English rivers are running sick. And the list of causes is daunting: ammonia, nitrates, phosphates; sediments, waste water, slurry, building, draining, and dredging. These are just some of the explanations for the deterioration in the quality of our water over the last ten years, and for the scant ambition set out in the new River Basin Management Plans.
The plans would see only 21% of water bodies in good ecological condition by 2021, despite the EU target for all of our rivers, lakes and wetlands to be in good condition by 2015.
On the day when the Prime Minister is fighting to reduce bureaucracy in the EU, it’s worth noting that the Water Framework Directive lives up to the European principle of subsidiarity – that decisions should be taken at the right level. It sets out targets for water quality that will benefit nature and European citizens. It offers flexibility to take unique circumstances into account. It requires our Governments to report on how they’re doing.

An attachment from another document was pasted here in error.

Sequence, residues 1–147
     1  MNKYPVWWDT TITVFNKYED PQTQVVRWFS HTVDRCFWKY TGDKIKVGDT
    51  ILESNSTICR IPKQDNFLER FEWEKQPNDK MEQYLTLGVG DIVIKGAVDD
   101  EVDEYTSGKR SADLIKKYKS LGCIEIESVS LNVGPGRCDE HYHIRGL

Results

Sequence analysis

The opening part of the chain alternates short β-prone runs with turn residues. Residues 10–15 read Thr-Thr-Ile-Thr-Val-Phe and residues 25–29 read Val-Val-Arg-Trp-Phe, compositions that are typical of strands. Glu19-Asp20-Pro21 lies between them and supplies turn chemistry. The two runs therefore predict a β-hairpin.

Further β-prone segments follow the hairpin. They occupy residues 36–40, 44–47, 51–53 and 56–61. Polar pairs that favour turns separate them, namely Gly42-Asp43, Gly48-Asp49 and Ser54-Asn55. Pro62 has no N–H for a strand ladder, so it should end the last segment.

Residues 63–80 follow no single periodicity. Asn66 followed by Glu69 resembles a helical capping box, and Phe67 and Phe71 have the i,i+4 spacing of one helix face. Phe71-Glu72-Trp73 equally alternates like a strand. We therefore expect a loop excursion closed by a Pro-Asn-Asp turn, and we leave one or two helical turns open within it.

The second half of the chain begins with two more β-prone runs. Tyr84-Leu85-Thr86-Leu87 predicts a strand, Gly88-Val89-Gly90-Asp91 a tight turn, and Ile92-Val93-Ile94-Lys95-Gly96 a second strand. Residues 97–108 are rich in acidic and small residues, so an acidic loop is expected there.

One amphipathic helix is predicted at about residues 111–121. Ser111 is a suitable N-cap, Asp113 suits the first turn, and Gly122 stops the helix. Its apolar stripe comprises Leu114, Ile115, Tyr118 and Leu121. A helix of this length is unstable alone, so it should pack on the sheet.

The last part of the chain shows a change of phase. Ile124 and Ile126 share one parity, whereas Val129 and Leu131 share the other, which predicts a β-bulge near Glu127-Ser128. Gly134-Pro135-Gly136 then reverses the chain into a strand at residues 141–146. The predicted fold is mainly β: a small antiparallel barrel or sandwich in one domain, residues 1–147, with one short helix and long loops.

It’s up to individual Member States to set out how they’ll fulfil those ambitions nationally and locally, and it’s at that point we’re failing.
It’s thanks to the EU that we know that four fifths of our water bodies have failed to meet good a decent standard for a decade and that plans for change will add up to a bare 2% improvement in the next five years. The problem is that the plans set out far too few measures to make a difference.
After the first plans were published in 2009, the European Commission concluded that the UK was relying too heavily on voluntary measures, instead of introducing mandatory action to tackle damage like diffuse agricultural pollution. The new plans do little to improve the situation.
But they do show the scale of the challenge and areas where small interventions could make a big difference. There are ample opportunities for Government to take cost-effective action.
All this will require joined up action across Government and the proposals for a new 25 year plan for nature provide a perfect vehicle to make this happen.
When the Prime Minister returns from EU talks, let’s hope he’ll hear the wake up call on water and his next big deal will be to make the environment a priority across Government.
Member of the Blueprint for Water Working Group
Head of Government Affairs Wildfowl & Wetlands Trust
Find me on Twitter at @RichardSBenwell
The opinions expressed in this blog are the author’s and not necessarily those of the wider Link membership
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